Don Carlo Performed by the Cincinnati Opera

Few operas have as tortured a performance history as Giuseppe Verdi’s five act opera to a French libretto, Don Carlos.(Photo: http://www.defilippis-delfico.it/MDFD_Album_di_Caricature_Tavola_2.htm)
Few operas have as tortured a performance history as Giuseppe Verdi’s five act opera to a French libretto, Don Carlos.(Photo: http://www.defilippis-delfico.it/MDFD_Album_di_Caricature_Tavola_2.htm)

Few operas have as tortured a performance history as Giuseppe Verdi’s five-act opera set to a French libretto,  Don Carlos.

The Opera’s Story

Set at the court of Philip II of Spain, circa 1563, Verdi’s French Don Carlos is based on Friedrich Schiller‘s 1787 Don Karlos, Infant von Spanien.  Schiller defined the romantic age along with Goethe and later Heine,  and a true to life tale of a mad, deformed dwarf, the lot of the historical Don Carlos, wasn’t about to work on the German stage of the time. A writer steeped in republicanism and freemasonry needed a dashing hero, and if history denied the writer, then the writer had to imagine a hero.

Schiller’s Don Carlos is a love struck prince whose heart was broken when Elisabeth de Valois, to whom he was betrothed, was instead claimed by his father. History shows no close relationship and certainly no romance between Don Carlos and his stepmother. The two were both born in 1545 and died in 1568.  Schiller writes a horrid live triangle with Philip, Elisabeth and Carlos, or maybe a rectangle if one includes the mutual devotion between Don Carlos and Rodrigo, Marquis of Posa, Grandee of Spain.

Verdi wrote Don Carlos on commission from the Paris Opera, where everything was sung  in French (this continued until after World War II).  The five act Don Carlos, complete with the ballet required by the messieures of the Opera – the better to ogle their mistresses among the corp s- gave way to more than one truncated Italian language version.

Modern Interpretations of the Opera

In recent years the choice in the States has been between five acts, with Act I beginning in the forest of Fontainbleau in Italian, or four acts, minus the  Fontainbleau scene, also in Italian.  French language performances of Don Carlos are rare. This writer sang in the chorus of the American premiere of  what  was claimed to be Verdi’s original-original-original, with Sarah Caldwell’s Opera Company of Boston in the early 1970s.

Confused? Here’s all you need to know: Verdi and Schiller’s Don Carlos has little to do with history.  This is one of Verdi’s greatest operas in any language. His music gives us King Philip’s loneliness, Carlos’s impetuous feelings for his stepmother, Elisabeth’s dignity, the deep fraternal love between Carlo and Rodrigo, and the sexual passion of the Princess Eboli.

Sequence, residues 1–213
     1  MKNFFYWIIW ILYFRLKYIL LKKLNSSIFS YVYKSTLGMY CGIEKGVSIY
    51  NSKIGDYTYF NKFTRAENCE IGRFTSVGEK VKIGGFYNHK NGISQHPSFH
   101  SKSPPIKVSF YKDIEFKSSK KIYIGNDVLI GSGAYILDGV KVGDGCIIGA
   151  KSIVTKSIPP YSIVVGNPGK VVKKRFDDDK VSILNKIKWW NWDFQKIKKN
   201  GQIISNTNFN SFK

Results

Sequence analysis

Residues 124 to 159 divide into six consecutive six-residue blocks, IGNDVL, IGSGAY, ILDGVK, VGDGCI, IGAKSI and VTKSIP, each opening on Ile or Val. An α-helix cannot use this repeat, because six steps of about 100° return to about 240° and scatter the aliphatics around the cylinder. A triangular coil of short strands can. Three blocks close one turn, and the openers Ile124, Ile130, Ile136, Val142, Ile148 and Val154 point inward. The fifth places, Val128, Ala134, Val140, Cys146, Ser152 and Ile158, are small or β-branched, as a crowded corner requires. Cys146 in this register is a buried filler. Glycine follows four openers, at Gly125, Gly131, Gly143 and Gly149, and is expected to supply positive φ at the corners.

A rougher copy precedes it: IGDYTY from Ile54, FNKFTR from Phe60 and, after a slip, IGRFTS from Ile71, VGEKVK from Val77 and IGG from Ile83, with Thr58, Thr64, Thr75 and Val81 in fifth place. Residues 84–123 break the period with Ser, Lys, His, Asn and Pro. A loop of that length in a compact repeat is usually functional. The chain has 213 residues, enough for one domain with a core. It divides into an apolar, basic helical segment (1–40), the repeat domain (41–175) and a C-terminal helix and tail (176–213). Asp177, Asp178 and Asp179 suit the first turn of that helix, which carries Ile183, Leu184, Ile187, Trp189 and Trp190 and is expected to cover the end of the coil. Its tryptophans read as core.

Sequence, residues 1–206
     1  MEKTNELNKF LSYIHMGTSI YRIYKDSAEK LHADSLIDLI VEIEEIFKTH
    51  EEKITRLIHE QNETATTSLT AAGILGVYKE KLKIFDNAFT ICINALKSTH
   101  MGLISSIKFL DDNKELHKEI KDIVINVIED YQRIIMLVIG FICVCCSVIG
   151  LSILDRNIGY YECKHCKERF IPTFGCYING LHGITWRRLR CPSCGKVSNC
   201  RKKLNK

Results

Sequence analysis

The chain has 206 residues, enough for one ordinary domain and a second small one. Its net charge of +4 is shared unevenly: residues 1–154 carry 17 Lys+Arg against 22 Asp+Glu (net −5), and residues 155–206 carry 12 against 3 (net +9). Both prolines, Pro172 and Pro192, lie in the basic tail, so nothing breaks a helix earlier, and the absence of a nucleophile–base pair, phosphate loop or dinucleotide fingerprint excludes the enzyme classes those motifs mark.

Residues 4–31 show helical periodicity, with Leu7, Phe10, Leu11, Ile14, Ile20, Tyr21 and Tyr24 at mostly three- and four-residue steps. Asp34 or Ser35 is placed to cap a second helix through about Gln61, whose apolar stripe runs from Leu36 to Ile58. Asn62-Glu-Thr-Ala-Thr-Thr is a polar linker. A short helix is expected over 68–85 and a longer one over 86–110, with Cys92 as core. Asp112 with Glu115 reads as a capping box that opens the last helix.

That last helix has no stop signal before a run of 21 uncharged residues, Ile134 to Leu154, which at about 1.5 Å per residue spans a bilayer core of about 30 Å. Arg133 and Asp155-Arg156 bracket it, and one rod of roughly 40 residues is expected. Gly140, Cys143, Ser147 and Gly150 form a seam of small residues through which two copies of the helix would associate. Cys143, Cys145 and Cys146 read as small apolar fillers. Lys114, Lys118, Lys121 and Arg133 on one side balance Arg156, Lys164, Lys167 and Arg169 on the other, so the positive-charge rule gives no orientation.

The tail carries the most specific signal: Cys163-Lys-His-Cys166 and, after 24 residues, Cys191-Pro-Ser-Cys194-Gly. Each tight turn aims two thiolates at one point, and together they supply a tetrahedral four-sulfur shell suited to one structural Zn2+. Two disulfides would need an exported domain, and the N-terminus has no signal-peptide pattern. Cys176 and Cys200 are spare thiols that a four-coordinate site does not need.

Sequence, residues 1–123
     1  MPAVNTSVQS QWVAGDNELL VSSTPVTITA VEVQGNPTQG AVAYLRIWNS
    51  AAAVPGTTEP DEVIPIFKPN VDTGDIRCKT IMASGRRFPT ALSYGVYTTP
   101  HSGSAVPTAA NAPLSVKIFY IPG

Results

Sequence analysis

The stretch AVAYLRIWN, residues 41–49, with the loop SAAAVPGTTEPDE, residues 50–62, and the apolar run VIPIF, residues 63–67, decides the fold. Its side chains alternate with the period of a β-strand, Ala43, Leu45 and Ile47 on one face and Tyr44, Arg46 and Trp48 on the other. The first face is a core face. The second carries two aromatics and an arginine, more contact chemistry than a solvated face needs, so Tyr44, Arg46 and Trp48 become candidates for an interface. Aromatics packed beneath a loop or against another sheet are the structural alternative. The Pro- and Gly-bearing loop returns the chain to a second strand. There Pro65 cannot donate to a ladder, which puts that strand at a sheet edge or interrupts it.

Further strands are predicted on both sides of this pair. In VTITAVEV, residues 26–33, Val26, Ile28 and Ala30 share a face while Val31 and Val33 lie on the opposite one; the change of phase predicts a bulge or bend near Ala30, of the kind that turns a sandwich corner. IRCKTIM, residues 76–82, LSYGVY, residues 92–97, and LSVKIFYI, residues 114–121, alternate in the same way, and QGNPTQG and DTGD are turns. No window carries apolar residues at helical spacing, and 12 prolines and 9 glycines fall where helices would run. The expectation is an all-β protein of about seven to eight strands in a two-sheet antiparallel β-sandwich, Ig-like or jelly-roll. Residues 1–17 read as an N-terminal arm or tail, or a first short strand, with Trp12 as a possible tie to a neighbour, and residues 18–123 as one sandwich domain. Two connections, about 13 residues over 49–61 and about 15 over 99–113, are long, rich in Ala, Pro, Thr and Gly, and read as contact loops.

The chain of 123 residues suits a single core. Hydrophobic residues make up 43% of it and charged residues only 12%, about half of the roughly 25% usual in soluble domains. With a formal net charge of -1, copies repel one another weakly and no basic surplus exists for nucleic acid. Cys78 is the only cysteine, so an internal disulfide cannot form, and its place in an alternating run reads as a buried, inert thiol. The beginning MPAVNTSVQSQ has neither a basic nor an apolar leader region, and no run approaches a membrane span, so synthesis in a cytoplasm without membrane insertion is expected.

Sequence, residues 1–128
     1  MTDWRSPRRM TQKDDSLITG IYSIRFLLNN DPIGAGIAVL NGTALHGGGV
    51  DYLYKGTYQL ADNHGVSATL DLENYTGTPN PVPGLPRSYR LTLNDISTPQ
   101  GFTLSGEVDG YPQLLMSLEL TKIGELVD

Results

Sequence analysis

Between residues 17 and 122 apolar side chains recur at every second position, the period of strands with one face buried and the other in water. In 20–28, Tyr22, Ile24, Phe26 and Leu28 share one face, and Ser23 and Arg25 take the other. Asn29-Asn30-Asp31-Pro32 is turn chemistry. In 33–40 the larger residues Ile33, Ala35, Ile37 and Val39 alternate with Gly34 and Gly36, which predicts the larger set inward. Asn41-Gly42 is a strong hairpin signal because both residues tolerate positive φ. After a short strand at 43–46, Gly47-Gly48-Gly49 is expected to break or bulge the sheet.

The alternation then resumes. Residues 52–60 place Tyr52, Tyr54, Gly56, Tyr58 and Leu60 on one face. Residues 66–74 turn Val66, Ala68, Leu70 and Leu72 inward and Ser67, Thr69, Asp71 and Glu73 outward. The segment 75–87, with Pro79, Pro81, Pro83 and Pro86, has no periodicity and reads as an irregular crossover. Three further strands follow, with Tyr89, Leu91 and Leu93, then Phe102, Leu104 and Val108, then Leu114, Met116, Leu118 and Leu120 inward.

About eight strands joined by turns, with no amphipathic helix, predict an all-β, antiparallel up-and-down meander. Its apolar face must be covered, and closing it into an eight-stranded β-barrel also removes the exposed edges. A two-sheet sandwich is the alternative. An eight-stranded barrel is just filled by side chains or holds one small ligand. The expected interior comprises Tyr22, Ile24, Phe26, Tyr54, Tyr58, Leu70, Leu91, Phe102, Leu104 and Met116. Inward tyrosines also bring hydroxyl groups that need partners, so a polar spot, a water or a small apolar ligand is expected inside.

I approach any production of Don Carlo with high hopes and a queasy tummy. It’s a long opera. Even in four acts.  There are generally cuts.  A production in Pittsburgh ten years ago I recall for its musical butchery. Cincinnati gave us four acts in Italian with an second verse omitted here and there.  They also gave us, and they gave me,  a great night at the opera.

The sets were stone work, scrims, grilles and the occasional cross and flown in banner. Everyone looked well. Conductor Richard Buckley ‘s quick tempi could have been cheesy, but Buckley made an exciting opera even more exciting. Now then.  Cincinnati for a number of years had an artistic director named Nicolas Muni. In my opinion he is one of the great minds in opera today.  Someday I’m going to go wherever he is and watch him work, fetch the coffee, take notes, and learn. Muni gave Cincinnati a lot of vivid productions of some esoteric operas.

The Cincinnati Opera’s Interpretation

In recent years, Evans Mirageas has made Cincinnati what the opera world most thirsts for: the great voices.  He finds them early (Marco Caria, Morris Robinson, Antonello Palombi) or brings them back (James Morris, Aprile Millo).  And with the emphasis on great singing, Music Hall is very far from a stand up and sing house.  Don Carlo’s principals looked at one another and saw one another.  Stage director Sandra Bernhard saw to that.  Soprano Angela Brown was an Elisabeth of stunning voice, holding back just enough to let us have a full view of the Queen’s dignity and self control .  (Okay, okay, I would have loved for her to let it rip- Glory Hallelujah).

Frank Poretta was  a Carlo of passion and sincerity. He worked hard and it showed, but if you want an Italianate tenor with complete commitment to the role,  Poretta gave you your money’s worth.

James Morris , a world star for forty years, gave us an imposing Philip-his sound is slimmer and more compact now, but he retains the timbre and “chops” of a great star.  Morris Robinson burned the place down with his magnificent bass voice as the Grand Inquisitor, and Michelle deYoung was beautiful to watch and vocally glorious as Eboli.

And Posa? To me the heart of the opera?  Write this name down: Marco Caria. I had never heard of him.  I thought, around 7 pm, I hope this guy is good-Rodrigo has  my favorite music in this great opera. At 8 pm I was ready to find Marco’s Facebook fan club and sign up. He’s a slim man with a slim voice.  He’s not a honker, but he had a wide range, power when he needed it, vocal beauty and line, line, line.

I was dieting, so I had to skip the chocolate covered Oreos on sale at Music Hall. This stunning Don Carlo was worth chocolate withdrawal. All the thrills were on the stage and in the pit.

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